Food Costs More Dough
Supply chain issues, increasing consumer demand, surging energy and transportation costs, and labor shortages are causing higher consumer prices. Price tags are especially noticeable at grocery stores and restaurants, with animal products costing the most. According to the Labor Department, wholesale prices increased more than 8% between August 2020 and August 2021. Other countries are feeling the pinch too. Food in Russia increased about 2% from August to September this year, and Albanians are protesting in the streets due to expensive groceries. Inflation is also affecting the U.K., where acute shortages of natural gas are spiking prices. A bushel of corn for delivery in December traded at $5.30 on Friday afternoon. December wheat brought $7.33, while November beans fetched $12.43.
Green Acres are Seller’s Market
With food demand rising, so too is the price of farmland. While the U.S. has a significant amount of land compared to other countries, less than one-fifth of American land is suitable for farming. According to the USDA, the average price per acre of farmland has gone up 75% over the last 15 years. Ag real estate is particularly sizzling in the Midwest right now. Cropland in Iowa, for example, is going for $13,000 to $15,000 an acre, with some farms selling for over $20,000 per acre. This has caught the attention of investors, including foreign investors, who are buying up American property. Meanwhile, all of this is also impacting the housing industry and wilderness preservation, as they can’t afford to make purchases.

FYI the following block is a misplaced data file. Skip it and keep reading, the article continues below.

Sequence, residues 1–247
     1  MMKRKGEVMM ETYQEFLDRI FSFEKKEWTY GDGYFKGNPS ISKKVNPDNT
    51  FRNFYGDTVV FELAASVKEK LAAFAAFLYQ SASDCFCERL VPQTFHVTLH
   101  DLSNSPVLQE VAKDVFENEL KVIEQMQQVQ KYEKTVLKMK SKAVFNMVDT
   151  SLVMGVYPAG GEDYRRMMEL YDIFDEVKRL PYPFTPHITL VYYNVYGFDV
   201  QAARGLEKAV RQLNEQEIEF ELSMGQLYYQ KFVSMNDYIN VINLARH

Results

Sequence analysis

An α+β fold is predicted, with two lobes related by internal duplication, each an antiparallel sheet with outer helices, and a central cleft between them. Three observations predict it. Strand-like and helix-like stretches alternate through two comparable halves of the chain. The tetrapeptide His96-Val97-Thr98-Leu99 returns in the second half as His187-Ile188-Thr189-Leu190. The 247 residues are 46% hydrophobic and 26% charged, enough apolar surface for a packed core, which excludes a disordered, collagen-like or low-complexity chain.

Cotton Blows Higher
Food, fuel, and housing have hit the headlines for months, but cotton, a source for making clothes, has recently jumped even more than those markets. This week, cotton for December delivery hit $1.1648 per pound, the highest level in ten years. Lousy weather—both too dry in some regions and now too wet at harvest time—has contributed to supply threats. Still, the main reason for the rally seems to be related to President Trump’s banning of clothing from China’s cotton-producing area. For decades, China has bought raw cotton from the U.S., utilizing cheaper labor, then selling clothing back to us at prices we could never match using our higher labor costs. Since the ban, China’s import demand for U.S. cotton has risen 83% year-to-year according to USDA. As of Friday afternoon, December cotton was trading at $1.1046 per pound.
Opinions are solely the writer’s. Walt Breitinger is a commodity futures broker in Valparaiso, Ind. He can be reached at (800) 411-3888 or www.indianafutures.com. This is not a solicitation of any order to buy or sell any market.